The level of patient-reported outcome reporting in randomised controlled trials of brain tumour patients: A systematic review

Jane Blazeby, Marc Jacobs, Andrea Pusic

Research output: Contribution to journalArticle (Academic Journal)peer-review

41 Citations (Scopus)
369 Downloads (Pure)


To determine the net clinical benefit of a new treatment strategy, information on both survival and patient-reported outcomes (PROs) is required. However, to make an adequately informed decision, PRO evidence should be of sufficiently high quality.

To investigate the methodological quality of PRO reporting in randomised controlled trials (RCTs) in patients with brain tumours, and to assess the proportion of studies that should impact clinical decision-making.

We conducted a systematic literature search in several databases covering January 2004 to March 2012. We selected relevant RCTs and retrieved the following data: (1) basic trial demographics and PRO characteristics, (2) quality of PRO reporting and (3) risk of bias. Studies that should impact clinical decision-making based on their methodological robustness were analysed systematically.

We identified 14 RCTs, representing over 3000 glioma patients. Only two RCTs (14%) satisfied sufficiently many key methodological criteria to provide high-quality PRO evidence, and should therefore impact clinical decision-making. Important methodological limitations in other studies were lack of reporting of the extent (43%) and reasons (86%) of missing data and statistical approaches to handle this (71%). PRO results were not interpreted in 79% of the studies and clinical significance was not discussed in 86%. Studies with high-quality PRO evidence generally showed lower risk of bias.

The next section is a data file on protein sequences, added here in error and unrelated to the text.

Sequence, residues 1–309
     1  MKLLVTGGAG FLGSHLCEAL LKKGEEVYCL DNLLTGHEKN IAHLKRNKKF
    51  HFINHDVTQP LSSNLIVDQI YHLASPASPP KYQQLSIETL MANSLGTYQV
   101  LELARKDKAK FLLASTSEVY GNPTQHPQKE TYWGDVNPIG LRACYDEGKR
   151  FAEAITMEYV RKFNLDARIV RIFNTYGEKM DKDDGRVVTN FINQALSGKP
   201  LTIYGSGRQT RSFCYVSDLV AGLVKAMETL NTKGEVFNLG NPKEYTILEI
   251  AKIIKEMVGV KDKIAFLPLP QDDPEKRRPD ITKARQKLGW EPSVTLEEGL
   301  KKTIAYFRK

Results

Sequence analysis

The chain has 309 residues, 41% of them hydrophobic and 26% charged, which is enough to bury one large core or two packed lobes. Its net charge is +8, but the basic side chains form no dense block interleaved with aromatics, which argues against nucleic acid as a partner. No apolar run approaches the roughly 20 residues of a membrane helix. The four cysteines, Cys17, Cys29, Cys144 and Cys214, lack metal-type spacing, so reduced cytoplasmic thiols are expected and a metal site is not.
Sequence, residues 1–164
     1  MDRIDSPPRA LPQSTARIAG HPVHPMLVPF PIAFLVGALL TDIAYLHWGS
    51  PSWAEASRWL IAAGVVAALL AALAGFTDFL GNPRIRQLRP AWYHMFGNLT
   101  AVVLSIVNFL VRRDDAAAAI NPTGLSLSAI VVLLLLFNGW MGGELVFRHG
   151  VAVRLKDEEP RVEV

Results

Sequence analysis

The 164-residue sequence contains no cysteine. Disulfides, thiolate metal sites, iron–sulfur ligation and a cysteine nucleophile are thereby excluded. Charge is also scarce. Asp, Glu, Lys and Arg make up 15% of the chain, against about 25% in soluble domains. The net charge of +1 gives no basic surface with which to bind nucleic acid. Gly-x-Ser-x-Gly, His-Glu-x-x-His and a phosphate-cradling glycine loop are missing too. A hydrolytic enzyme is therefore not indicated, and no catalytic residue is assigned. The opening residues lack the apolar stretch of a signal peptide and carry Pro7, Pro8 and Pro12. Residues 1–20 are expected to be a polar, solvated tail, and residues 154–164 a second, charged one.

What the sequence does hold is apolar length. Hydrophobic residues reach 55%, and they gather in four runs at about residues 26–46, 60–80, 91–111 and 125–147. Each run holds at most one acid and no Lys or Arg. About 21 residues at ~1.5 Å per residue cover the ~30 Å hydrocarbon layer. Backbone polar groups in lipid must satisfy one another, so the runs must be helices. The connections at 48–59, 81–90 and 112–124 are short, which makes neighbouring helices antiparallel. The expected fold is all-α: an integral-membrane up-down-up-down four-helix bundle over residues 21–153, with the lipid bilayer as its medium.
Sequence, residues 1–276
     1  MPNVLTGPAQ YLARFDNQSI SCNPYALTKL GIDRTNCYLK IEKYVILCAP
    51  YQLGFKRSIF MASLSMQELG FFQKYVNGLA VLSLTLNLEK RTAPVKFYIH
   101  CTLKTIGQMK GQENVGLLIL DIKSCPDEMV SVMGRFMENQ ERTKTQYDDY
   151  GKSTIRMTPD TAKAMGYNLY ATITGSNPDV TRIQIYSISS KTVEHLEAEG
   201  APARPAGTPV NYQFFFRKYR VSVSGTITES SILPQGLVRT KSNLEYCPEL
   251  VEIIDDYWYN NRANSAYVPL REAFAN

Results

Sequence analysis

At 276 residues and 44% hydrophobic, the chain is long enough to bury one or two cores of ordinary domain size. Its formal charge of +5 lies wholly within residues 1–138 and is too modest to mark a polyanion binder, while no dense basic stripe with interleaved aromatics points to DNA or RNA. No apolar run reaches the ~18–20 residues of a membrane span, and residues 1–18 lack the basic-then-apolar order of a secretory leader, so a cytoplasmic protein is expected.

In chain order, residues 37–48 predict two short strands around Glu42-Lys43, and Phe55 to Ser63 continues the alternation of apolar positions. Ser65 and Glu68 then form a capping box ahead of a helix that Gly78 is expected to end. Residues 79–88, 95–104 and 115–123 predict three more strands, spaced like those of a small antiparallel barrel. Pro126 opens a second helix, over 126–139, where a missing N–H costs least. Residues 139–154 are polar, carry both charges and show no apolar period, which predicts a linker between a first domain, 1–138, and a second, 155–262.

Investigators involved in brain tumour research should pay special attention to methodological challenges identified in current work. The level of PRO reporting should continue to improve in order to facilitate a critical appraisal of study results.
Original languageEnglish
JournalEuropean Journal of Cancer
Publication statusPublished - 14 Jul 2014

Structured keywords

  • Centre for Surgical Research


  • Brain tumour
  • Patient-reported outcome
  • Clinical trial
  • Quality of life
  • Clinical decision-making


Dive into the research topics of 'The level of patient-reported outcome reporting in randomised controlled trials of brain tumour patients: A systematic review'. Together they form a unique fingerprint.

Cite this